Show off your photographic flower power

Flower photography at home in the garden macro Nikon
(Image credit: Jacky Parker)

I am a macro flower photographer based in Sway, on the edge of the New Forest in England. I found my passion for macro flower photography while studying for a degree in horticulture back in 2005. 

Having been married to a professional press photographer, I was able to draw
on his knowledge of the technical aspects of photography. Through nurturing this expertise, I now have an innate eye for composition and an appreciation of the natural world. Nature and flowers inspire me greatly, with an endless supply of color and texture in the garden, which bring a fresh opportunity each day.

5 things to know before buying a macro lens

My garden revolves around my love of photography, with many plants grown in pots that I’m able to move around and place where the light is best, always trying to avoid harsh sunlight and shadows. 

My approach is casual, shooting handheld with minimal equipment. I’ll often shoot through foliage and other flowers to add depth to the image, creating a dreamlike effect. I use Photoshop to add additional layers and textures to my images, making sure that I keep the effect subtle so that the flower remains the point of focus.

Top tips for shooting flowers in the garden

(Image credit: Jacky Parker)

1) Gather your subjects

I picked a few spring Hellebore flowers – also known as Lenten roses – from my garden. The flower heads on these perennials face downwards, so they’re tricky to photograph. I used a few small paperclips to hold the flowers upwards, facing the camera.

• Best camera for macro photography in 2022

(Image credit: Jacky Parker)

2) Use natural light 

The flowers are placed in small vases on a table next to a light source – here, a patio window. The backdrop is a ‘Sail’ photo board from, which worked well with the setup. I used a Nikon D750 and Nikkor 105mm f/2.8 lens for this image, mounted on a Manfrotto 055 tripod. 

• The best geared tripod head in 2022

(Image credit: Jacky Parker)

3) Camera settings

The camera settings were 1/100 sec at f/16, ISO 250. The image was processed in Camera Raw and Photoshop, where I used layer masks to add a soft texture, to control which part of the image to reveal – and it’s definitely worth trying out different brushes. 

Jacky’s advice for successful shots

(Image credit: Jacky Parker)

You don’t need to have a beautiful garden to shoot flowers! These three images were taken at local public gardens, all shot handheld on fairly bright/ overcast days to avoid harsh shadows. 

I always carry a knee pad to get down low to see how the subject interacts with the surrounding light, removing any distracting objects from the foreground. You should always be aware of backgrounds – to soften them, I often use a shallow depth of field. Aim to make sure the centre of the flower is the centre of your focus, as this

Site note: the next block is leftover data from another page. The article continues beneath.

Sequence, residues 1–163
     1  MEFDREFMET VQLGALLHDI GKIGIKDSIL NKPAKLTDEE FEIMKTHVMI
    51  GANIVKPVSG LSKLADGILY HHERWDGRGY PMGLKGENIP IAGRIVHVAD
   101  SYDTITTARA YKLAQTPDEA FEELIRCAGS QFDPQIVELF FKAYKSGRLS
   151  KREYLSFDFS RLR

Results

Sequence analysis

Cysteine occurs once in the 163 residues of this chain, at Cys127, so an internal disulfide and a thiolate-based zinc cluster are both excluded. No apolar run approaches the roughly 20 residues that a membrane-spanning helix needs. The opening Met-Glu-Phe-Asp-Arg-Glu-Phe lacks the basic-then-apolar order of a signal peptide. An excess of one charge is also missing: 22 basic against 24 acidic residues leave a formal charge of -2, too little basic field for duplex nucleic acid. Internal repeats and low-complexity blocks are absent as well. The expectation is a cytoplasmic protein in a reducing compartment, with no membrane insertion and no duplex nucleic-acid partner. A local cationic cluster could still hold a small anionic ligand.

will also draw the eye in. If possible, move around the plant to check for the best composition. 

All these images were edited in Camera Raw, with the shadows and highlights adjusted. I used my ‘Floaty Petal’ technique on the flowers in Photoshop. To give the impression of movement in the petals, the images were duplicated and overlaid, rotated slightly at 60% opacity and areas painted in or revealed using layer masks.

(Image credit: Jacky Parker)

Creating a style

In my flower photography, I try to bring out an equal balance of detail, softness and movement, capturing the true spirit of nature and its seasons. I don’t have any preconceived ideas or visions when I venture out with my camera; I just try to relax and enjoy the moment.

For more of Jacky's work see his Instagram feed.

Read more:

Capture blooming brilliant flower shots with Affinity Photo
The best Nikon D750 deals in April 2022: stock updates and prices
Flower photographer John Holmes on creating a series of stunning abstracts

Thank you for reading 5 articles this month* Join now for unlimited access

Enjoy your first month for just £1 / $1 / €1

*Read 5 free articles per month without a subscription

Join now for unlimited access

Try first month for just £1 / $1 / €1

DCW team

Digital Camera World is one of the leading authorities on camera and photography news, reviews, techniques, tutorials, comparisons, deals and industry analysis. The site doesn't just specialize in cameras, but all aspects of photography, videography and imaging – including camera phones, gimbals, lenses, lighting, editing software, filters, tripods, laptops, printers, photo books, desks, binoculars and more. 

Whether you're using, looking to buy or trying to get the most out of a compact camera, action camera, camera drone, cinema camera, beginner camera or professional camera, Digital Camera World has a roster of experts with combined experience of over 100 years when it comes to cameras, photography and imaging. 

Meet the DCW team